A model for the MAP kinase cascade was written down by Huang and Ferrell (PNAS, 93, 10078). They used a description of Michaelis-Menten type where for each basic substance three species are included in the network. These are the substance itself (free substrate), the enzyme and the complex of the two. Of course since in the MAP kinase cascade certain proteins act both as substrate and enzyme in different reactions there is some overlap between these. For clarity this may be called the ‘extended Michaelis-Menten’ description to contrast it with the ‘effective Michaelis-Menten’ description arising from the extended version by a quasi-steady state limiting process. Note that for a given basic reaction network with $m$ species the extended MM description has more than $m$ species but still has mass-action kinetics whereas the effective MM description has $m$ species but kinetics more complicated than mass action. Phosphatases catalysing the reverse reactions are also included in the model. The phosphatase which removes both phosphate groups of ERK is called MKP3.

In the paper the steady states of the model are studied and an input-output relation is computed numerically. The activity of the MAPK is plotted as a function of the concentration of the first enzyme (Ras in the example). A sigmoidal curve is found which corresponds to what is called ultrasensitivity. The dynamical properties of the model are not discussed. In particular it is not discussed whether there might be multistability (more than one stable stationary solution for fixed values of the parameters) or periodic solutions. The authors also did experiments whose results agreed well with the theoretical predictions. The experiments were done with extracts from the oocytes (immature egg cells) of the frog Xenopus laevis.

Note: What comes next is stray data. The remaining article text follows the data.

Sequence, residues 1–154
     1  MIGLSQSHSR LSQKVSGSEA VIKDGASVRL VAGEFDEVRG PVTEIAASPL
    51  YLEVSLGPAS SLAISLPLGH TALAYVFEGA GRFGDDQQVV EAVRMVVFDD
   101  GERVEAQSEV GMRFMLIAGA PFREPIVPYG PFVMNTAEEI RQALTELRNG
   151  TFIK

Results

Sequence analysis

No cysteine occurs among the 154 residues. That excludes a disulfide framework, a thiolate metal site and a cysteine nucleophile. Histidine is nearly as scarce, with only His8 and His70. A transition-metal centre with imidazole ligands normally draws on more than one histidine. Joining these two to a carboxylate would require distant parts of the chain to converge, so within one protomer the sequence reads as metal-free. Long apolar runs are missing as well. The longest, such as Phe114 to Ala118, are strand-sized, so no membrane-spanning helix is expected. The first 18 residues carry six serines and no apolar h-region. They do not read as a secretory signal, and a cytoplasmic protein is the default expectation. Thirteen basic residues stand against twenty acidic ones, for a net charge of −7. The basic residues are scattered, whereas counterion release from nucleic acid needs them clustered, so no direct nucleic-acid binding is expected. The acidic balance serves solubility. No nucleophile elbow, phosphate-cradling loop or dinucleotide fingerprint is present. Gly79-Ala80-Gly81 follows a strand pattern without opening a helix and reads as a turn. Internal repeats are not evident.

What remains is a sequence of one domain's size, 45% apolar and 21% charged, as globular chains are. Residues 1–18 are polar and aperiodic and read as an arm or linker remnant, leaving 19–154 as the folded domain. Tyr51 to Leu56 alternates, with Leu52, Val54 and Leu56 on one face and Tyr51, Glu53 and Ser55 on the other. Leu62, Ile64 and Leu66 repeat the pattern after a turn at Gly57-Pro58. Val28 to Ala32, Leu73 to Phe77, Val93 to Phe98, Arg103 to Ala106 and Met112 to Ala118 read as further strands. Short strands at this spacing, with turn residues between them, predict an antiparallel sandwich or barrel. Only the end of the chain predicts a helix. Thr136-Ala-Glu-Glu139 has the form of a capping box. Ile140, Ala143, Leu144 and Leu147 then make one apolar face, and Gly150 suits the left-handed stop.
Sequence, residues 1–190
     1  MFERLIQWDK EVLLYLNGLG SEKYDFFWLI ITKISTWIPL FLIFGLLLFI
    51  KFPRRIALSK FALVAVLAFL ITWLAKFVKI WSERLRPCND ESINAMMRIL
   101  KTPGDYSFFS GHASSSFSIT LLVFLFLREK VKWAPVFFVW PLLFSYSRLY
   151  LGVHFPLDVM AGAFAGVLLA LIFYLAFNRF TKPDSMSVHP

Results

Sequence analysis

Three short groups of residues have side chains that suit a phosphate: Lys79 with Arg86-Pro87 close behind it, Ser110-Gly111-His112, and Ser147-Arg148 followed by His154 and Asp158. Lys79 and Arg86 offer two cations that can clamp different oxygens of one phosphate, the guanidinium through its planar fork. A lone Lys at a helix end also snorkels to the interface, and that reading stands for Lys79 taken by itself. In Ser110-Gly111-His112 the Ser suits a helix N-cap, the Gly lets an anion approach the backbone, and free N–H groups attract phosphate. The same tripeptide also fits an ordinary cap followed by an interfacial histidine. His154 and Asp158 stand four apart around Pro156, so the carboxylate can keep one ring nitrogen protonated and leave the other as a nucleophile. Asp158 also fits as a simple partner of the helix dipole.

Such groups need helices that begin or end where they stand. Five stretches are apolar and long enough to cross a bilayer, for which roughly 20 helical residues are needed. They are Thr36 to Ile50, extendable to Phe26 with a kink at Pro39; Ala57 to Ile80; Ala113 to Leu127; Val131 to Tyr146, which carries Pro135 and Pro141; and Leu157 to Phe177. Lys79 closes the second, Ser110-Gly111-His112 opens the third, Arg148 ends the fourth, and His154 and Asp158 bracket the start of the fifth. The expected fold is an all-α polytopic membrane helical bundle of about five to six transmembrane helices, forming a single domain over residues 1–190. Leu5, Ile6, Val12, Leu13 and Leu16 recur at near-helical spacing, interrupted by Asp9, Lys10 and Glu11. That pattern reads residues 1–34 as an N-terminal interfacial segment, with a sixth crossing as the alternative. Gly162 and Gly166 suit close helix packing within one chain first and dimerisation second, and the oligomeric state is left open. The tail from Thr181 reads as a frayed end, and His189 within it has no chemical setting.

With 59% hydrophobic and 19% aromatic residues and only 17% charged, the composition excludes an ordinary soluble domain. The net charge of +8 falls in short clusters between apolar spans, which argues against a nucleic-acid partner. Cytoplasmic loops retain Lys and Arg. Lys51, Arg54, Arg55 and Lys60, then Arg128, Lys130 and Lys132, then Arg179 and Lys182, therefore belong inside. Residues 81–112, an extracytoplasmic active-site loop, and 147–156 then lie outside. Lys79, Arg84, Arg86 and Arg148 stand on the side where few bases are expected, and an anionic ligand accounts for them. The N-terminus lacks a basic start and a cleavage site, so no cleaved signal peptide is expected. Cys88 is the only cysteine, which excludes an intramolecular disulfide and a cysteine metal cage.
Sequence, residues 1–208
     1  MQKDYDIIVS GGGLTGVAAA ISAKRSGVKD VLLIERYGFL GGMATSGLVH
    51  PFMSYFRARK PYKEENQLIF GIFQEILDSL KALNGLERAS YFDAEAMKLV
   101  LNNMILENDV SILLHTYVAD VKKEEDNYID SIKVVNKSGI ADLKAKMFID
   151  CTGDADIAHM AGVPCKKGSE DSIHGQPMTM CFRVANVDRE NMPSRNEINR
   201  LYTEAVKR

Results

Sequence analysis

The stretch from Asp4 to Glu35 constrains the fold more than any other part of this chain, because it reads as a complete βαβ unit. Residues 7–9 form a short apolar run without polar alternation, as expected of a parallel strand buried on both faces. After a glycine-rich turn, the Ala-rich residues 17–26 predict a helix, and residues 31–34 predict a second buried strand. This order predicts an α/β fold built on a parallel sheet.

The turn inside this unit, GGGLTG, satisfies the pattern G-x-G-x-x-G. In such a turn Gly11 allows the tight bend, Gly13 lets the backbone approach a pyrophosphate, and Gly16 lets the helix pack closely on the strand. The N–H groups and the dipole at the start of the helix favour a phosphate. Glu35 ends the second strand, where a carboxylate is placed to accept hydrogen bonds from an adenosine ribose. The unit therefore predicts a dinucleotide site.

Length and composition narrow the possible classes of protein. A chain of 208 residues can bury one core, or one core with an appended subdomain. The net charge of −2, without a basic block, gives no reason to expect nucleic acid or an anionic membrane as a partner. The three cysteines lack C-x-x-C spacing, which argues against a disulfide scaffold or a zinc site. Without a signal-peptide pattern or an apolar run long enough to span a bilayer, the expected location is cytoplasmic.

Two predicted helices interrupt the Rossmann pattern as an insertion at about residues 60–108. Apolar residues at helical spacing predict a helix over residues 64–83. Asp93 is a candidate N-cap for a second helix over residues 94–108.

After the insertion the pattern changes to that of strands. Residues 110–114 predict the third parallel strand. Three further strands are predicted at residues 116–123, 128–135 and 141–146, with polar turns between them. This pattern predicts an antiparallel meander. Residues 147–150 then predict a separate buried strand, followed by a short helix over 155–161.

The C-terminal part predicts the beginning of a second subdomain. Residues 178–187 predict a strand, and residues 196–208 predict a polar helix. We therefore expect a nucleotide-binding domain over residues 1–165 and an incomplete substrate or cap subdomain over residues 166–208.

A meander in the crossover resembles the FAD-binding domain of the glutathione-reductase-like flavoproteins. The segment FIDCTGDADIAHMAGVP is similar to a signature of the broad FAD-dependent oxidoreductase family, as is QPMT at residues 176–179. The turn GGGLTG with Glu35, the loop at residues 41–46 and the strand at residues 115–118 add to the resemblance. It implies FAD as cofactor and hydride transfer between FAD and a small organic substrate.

The possible dynamic behaviour was investigated in later papers. In some of these the effect of adding an additional feedback was considered. This kind of feedback is probably important in real biological systems. It may, for instance, explain why the results of experiments on whole oocytes are different from those done with extracts. Here, for mathematical simplicity, I will restrict to the case without additional feedback, in other words to the original Huang-Ferrell model. Multistability in this type of model was found in a paper of Markevich, Hoek and Kholodenko (J. Cell Biol. 164, 353). They investigate both extended and effective MM dynamics numerically and find bistability for both. In the extended MM model, which is the one I am most interested in here, the phosphorylation is supposed to be distributive. In other the words the kinase is released between the two phosphorylation steps. The alternative to this is called processive phosphorylation. In a paper of Conradi et. al. this result is compared with chemical reaction network theory (CRNT). It is found that while techniques from CRNT yield results agreeing with those of Markevich et. al. for the case where both the kinase and the phosphatase act in a distributive way, if one of these is replaced by a processive mechanism it can be proved using the Deficiency One Algorithm of CRNT that there is no multistationarity. The case with distributive phosphorylation is the special case $n=2$ of what is called a multiple futile cycle with $n$ steps. Wang and Sontag (J. Math Biol. 57, 29) proved upper and lower bounds for the number of steady states in this type of system under certain assumptions on the parameters. In particular this confirms that there can be three steady states (without determining their stability). Going beyond the single layer to the full cascade opens up more possibilities. Numerical evidence has been presented by Qiao et. al. (PLOS Comp. Biol. 9, 2007) that there are periodic solutions. To understand why these should exist it might be best to think of them as relaxation oscillations.